Though I saw it all around
Never thought I could be affected
Thought that we'd be the last to go
It is so strange the way things turn

Thursday, November 7, 2013

Linkee-poo oh baby, then it fell apart, it fell apart, like it always does

So, you've completed that first book and are flogging it at agents, what do you do now? Well, Buttercup, here are a few ideas. The easy answer is this, take a breath, and start writing the next book. Or, you could, like me, start training for a new career. But, see, when I had time I did start the next book. And you'll have plenty of time, this rain dances don't take very long (although I'm partial to dancing naked in the light of the waxing moon, YMMV).

And since I point to Chuck Wendig's blog, but it was an article by someone other than Chuck, how about a Chuck post (Chuck Post, BTW is the name of my next polka band). Like his quick-create guide to character development. It really isn't all that quick, but it is a nice guide. I think I need to get a tattoo of "Plot is Soylent Green — it is made of people". I've never really had problems with creating characters, it might be because I've known a number of them in my day. Although, I'll admit, showing them in depth, on the page, has been a little stumbling block. Maybe because I want to say, "they're just like Bob. You know Bob, right?" Also, the NaNoWriMo dialogs.

"Nobody is born knowing how to write, any more than you’re born knowing how to perform brain surgery. We’ve got to get past the myth of inborn talent and recognize that this thing we’ve decided to do is hard work. It takes time, and there’s no end point to the learning process." Jim Hines is smart about writing in his keynote address in front of the Surrey International Writers’ Conference.

On obsession, drive, focus, detail, and how all of that focuses into what we do. And, yea, as a graphic designer some people get into how to make the perfect ellipsis. But unless you're a type designer I'll just be glad if yours actually represents an unexpressed thought that should be obvious and is only three dots long. Also that you use them sparingly (if you only get 3 "!" per novel, I'm willing to give you six "…" for every 100,000 words). If you've gone to business school (and use powerpoint), I'm betting you couldn't do any of those to save your life.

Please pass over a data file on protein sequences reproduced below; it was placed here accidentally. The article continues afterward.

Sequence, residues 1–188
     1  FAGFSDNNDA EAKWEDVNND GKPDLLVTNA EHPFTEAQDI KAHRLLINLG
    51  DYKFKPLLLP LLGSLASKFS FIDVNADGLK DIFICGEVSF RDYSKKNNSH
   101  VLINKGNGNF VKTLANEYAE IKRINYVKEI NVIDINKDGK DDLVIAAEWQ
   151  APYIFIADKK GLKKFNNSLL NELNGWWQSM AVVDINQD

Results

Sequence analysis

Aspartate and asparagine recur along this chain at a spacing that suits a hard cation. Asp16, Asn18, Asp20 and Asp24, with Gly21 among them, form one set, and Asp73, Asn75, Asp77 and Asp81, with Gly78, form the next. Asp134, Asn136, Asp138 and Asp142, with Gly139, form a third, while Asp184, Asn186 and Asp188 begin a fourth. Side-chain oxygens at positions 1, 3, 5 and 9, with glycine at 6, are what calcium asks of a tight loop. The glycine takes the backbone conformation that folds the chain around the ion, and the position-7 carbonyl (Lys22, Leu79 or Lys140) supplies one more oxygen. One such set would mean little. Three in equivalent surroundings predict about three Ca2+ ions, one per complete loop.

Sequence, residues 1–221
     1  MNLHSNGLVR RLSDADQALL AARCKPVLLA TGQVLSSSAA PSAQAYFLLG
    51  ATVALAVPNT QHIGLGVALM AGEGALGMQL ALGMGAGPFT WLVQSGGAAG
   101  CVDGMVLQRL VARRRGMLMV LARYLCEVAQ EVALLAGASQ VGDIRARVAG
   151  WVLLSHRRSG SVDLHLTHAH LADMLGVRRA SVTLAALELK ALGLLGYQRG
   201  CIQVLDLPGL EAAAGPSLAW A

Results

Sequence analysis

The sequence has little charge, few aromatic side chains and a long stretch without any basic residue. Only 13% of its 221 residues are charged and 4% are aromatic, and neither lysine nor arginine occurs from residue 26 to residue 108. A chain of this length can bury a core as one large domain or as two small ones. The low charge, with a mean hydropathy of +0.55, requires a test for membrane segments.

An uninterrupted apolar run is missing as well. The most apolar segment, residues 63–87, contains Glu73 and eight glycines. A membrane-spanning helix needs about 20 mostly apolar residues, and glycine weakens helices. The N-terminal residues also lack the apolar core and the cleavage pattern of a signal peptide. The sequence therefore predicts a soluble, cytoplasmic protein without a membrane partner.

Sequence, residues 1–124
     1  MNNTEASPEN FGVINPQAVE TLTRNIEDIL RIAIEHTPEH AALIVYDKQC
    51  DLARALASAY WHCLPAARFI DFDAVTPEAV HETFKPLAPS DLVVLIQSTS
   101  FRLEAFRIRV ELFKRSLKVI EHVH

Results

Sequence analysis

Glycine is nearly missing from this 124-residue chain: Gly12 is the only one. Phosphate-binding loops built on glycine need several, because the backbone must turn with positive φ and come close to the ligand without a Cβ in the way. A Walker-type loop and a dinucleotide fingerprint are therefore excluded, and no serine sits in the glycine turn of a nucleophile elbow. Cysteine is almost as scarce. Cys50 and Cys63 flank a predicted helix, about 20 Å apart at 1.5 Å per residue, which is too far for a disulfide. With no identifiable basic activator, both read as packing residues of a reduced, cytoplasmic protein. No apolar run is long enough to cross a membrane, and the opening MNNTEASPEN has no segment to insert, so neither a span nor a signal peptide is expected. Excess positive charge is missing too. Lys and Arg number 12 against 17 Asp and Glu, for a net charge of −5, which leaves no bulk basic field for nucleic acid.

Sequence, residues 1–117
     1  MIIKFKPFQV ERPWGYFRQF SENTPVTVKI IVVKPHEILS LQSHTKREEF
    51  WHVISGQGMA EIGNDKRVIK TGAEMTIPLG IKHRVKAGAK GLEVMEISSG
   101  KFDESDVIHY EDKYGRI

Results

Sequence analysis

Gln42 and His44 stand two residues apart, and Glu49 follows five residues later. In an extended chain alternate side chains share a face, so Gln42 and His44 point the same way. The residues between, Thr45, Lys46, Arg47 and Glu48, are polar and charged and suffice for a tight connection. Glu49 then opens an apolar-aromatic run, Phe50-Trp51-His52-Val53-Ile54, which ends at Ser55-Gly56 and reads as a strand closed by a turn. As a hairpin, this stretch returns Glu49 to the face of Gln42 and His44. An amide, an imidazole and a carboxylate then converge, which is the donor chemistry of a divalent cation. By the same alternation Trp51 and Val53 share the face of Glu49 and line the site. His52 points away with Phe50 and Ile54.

As you may have heard, Neil Gaiman will be teaching at Bard College for a five-year mission to explore… wait, that's not right. But he's there for five years or so, starting this January. He's teaching an advanced writing course on fantasy fiction. If Bard College, the Great Courses, or any of the great audio archives or audiobook companies are not planning on recording these (you know, unless Mr. Gaiman has it specified in his contract that no recordings will be made) the world at large is missing an excellent opportunity. Hell, if they're not and anybody reading this is at Bard and taking his class, if he allows it on his syllabus, I will send you an audio recording device as long as you share the files (you must attend all classes, sit in the front, and make recordings of his lectures).

On using MRI and discovering just how much work "spontaneous creativity" takes. Anyone who has done "creativity" for a living knows it's hard work (we also know how to be creative at need - one big part is feeding the subconscious a diet rich in information). Sometimes when I hear people talking about "creativity" and how "you need to be inspired" (frankly, my paycheck inspires me a great deal) I'm reminded of the lines on the Big Bang Theory. Howard: "You can't just tell a falcon to hunt." Leonard: "Yes you can. There's a whole sport based on it called falconry." (Grokked from Jay Lake)